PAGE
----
Alex Massie

An Edinburgh August

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Iain McWhirter at The Guardian reminds one why Edinburgh is perhaps the world's best city every August:

Now, here's a cultural success story of truly epic proportions. The Edinburgh Festival Fringe alone has sold 1.7m tickets this year - that's more than twice the number sold by the Manchester Commonwealth Games. It does this every year.

And the official Edinburgh International Festival hasn't even finished yet, so its figures are still to come. The Edinburgh Book Festival has attracted 200,000 to its Charlotte Square tent city, which means that the Edinburgh culture-fest's final score will be well over 2 million...

This is an astonishing achievement and gives the lie to those who claim that people aren't interested in drama, literature, music and physical theatre anymore...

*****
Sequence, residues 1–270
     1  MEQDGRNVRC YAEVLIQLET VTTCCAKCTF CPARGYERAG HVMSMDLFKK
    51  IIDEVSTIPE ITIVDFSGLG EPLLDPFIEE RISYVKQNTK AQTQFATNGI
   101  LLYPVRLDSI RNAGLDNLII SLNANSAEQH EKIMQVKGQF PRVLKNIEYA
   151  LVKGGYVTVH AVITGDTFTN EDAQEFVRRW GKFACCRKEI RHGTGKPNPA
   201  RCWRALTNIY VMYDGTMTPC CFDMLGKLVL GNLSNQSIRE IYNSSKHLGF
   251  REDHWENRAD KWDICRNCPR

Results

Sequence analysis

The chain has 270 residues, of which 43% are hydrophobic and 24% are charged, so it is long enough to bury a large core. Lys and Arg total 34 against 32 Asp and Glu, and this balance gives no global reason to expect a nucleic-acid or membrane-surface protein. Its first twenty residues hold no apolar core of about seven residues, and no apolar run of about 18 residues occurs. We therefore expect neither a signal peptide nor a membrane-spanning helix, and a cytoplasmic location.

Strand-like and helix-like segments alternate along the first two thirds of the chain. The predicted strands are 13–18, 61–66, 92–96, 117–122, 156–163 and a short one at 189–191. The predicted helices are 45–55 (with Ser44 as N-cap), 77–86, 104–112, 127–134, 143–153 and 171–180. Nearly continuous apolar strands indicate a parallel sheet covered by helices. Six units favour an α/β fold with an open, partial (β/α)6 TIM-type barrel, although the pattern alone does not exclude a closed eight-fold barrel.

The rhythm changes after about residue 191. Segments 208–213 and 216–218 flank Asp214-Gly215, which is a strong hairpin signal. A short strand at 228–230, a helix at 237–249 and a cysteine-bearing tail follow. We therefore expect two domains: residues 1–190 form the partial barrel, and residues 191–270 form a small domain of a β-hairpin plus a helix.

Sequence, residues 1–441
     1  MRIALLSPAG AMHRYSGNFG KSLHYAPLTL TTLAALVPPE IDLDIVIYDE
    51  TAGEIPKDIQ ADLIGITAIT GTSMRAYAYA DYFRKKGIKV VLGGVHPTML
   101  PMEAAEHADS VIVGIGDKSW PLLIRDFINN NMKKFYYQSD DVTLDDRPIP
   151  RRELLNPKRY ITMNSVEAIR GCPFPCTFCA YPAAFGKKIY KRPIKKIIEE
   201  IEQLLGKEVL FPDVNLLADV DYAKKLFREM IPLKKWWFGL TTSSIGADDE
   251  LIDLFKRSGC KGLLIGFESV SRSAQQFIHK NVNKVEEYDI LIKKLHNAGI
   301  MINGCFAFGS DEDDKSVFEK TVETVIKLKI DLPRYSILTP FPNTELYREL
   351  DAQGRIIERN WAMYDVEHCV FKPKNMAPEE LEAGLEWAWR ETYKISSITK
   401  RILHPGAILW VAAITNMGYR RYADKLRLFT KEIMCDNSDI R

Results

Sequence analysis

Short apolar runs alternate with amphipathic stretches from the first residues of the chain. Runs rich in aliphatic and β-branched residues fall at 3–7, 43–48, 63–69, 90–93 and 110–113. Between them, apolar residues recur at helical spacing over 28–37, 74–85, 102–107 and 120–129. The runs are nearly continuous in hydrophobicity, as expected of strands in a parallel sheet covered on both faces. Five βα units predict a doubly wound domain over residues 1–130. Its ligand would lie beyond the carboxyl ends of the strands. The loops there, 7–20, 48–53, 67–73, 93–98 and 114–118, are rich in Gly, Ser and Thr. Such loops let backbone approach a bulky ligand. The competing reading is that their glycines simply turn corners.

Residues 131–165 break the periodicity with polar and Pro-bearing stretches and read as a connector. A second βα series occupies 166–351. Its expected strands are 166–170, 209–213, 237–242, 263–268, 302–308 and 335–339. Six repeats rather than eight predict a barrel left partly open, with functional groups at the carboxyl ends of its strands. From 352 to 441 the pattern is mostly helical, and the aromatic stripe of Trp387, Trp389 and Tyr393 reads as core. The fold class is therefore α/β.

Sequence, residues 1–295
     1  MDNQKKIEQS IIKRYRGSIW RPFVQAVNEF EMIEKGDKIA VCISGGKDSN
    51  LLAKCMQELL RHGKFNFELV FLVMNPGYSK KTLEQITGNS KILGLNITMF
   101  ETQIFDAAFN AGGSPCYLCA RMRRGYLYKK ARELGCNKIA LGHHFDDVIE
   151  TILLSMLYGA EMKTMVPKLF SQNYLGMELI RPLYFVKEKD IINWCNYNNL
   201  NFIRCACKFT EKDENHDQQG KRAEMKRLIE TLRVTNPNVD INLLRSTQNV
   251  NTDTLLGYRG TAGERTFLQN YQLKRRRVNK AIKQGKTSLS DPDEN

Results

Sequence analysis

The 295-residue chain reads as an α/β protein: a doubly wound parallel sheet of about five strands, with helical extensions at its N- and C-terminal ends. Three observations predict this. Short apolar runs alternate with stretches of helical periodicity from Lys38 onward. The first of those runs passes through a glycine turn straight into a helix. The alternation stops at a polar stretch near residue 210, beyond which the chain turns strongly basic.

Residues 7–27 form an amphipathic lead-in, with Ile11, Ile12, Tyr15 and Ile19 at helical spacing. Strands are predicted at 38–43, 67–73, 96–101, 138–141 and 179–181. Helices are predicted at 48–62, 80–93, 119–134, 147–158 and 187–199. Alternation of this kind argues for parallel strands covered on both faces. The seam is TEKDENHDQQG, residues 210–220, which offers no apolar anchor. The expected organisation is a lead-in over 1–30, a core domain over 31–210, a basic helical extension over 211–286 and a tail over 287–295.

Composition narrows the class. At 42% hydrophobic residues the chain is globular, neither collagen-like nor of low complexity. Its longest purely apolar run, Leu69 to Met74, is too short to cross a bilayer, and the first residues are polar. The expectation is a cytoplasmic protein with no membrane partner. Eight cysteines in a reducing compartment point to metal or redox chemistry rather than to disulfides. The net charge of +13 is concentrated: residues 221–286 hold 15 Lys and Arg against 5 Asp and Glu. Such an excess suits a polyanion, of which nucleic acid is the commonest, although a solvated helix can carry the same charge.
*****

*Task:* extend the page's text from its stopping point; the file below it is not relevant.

And the point of it is that these "cultural Olympics" as the first minister, Alex Salmond, calls them, happen largely spontaneously and with very little public funding. There is no overall curator of the Edinburgh Festival Fringe and its subsidy from Edinburgh council is worth less than the Lord Provost's car. There are large venues, of course, like the Assembly Rooms, Underbelly and Gilded Balloon, but these are under no overall artistic or financial direction.

The Edinburgh festival is demand-led; it is the public themselves who decide what is good and what is bad by voting with their tickets. Milton Friedman would have been proud of them, because on the whole they tend to get it right.

Precisely. McWhirter says it would be good if the BBC and other UK-wide institutions were to pay more attention to the festival. In an effort to annoy me he also seems to think that the festival needs to be "nationalised", though I think that's just an effort to get more people in London to pay attention to Edinburgh rather than take the festivals into public ownership. Still, it makes a change to see an article that remembers that Edinburgh in August is an extraordinary success, not a problematic festival that's getting worse and worse each year. On the contrary, it's getting better. Who cares what people in London think about it?

Written byAlex Massie

Alex Massie is Scotland Editor of The Spectator. He also writes a column for The Times and is a regular contributor to the Scottish Daily Mail, The Scotsman and other publications.

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